It is not difficult to find that the logical starting point of this theory of private rights protection is that personal information carries important personal interests, and this personal interest is different from privacy interests. But they seem to have paid little attention to how personality interests contain the most striking economic interests of the moment, and how to balance the protection of these two interests. However, we know that after the data subject provides personal information, the economic interests attached to it are preempted by the data controller. Can enterprises propose data rights based on their own processing behavior for the user dataset they possess? Perhaps seeing this issue, as a opposing protective perspective, some argue that the interests of personal information controllers are used to counter the personal interests of data subjects. From the perspective of maximizing overall utility, it views the opposing relationship between individual self-determination and social benefits on personal data, emphasizing the legitimacy of ensuring data circulation and data value. The collection behavior should be loosely regulated, the processing behavior should be strictly regulated, and the storage and disclosure behavior should be more strictly regulated.

2.2 Reflection and Reconstruction

Recognizing the right to personal information is essential for promoting the rational use of personal data and stimulating data efficiency, but this does not fully and effectively address the practical challenges mentioned earlier.

Firstly, granting personal information rights to data subjects does not directly respond to the practical needs for the development and benefits of personal data. From a practical perspective, the exercise of personal information rights by data subjects can indeed ensure the authenticity, validity, and even stability of personal data in the process of data circulation and utilization, and maintain data quality. However, this does not directly promote the growth of the economic value of personal data. The economic value enhancement of personal data depends on two aspects: firstly, the quality of personal data, the content it contains becoming richer and more refined with the user's usage behavior, the portrayal of user portraits and behavioral preferences becoming more refined, and personal data has more commercial analysis value; The second is the quantity of personal data. The larger the amount of personal data gathered, the more valuable it is for data controllers to predict the market and trends. The supervisory significance of the exercise of personal information rights by data subjects seems to be only related to the first point. Granting personal information rights to data subjects can meet the preset prerequisites in the logic of property rights allocation, but due to the inherent limitations of property rights allocation logic, this cannot constrain the superior position and strength of data controllers, nor provide a defense of legitimate sources for the latter to obtain possession, use, and distribution rights of personal data. Furthermore, from the perspective of legal economics, the protection model of personal information rights has not responded positively to the institutional value of the "informed consent" system in promoting economic benefits; Of course, in the perspective of property rights allocation as the underlying logic of personal information utilization, it is interrelated.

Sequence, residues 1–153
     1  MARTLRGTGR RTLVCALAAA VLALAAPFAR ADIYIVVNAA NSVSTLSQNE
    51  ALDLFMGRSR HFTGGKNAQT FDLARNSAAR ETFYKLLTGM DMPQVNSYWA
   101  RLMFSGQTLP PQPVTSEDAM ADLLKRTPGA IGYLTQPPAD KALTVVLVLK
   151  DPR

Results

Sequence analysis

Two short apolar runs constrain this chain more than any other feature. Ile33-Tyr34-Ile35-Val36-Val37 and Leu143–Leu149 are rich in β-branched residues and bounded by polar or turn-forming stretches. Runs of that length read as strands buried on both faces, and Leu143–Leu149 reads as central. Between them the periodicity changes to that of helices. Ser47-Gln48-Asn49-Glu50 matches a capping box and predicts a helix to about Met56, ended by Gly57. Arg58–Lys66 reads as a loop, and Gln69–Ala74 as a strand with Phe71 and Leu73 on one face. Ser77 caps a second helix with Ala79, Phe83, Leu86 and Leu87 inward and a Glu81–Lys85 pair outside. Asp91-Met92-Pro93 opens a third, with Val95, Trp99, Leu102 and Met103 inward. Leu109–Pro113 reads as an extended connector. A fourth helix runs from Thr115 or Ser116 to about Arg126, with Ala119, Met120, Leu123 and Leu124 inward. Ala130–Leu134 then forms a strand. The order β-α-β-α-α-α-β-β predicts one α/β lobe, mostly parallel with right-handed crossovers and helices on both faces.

Secondly, although the theory of personal information rights prioritizes individual data subjects who are in a disadvantaged position, the methods of empowerment and the perspective of autonomy of will cannot make user agreements and privacy policies the result of fair agreements between data subjects and data controllers. This is manifested in two aspects: firstly, as has been demonstrated in practice, the right of data subjects to personal information does not necessarily benefit their privacy security and sensitive information protection; Secondly, granting personal information rights cannot effectively constrain the capital and technological advantages of data companies and platforms as data controllers, and the effectiveness of contract regulation methods is very limited. We can see that the data controller, relying on the deep logic of the above "informed consent" system, is "as stable as Mount Tai", and its goal of pursuing economic benefits is always priority.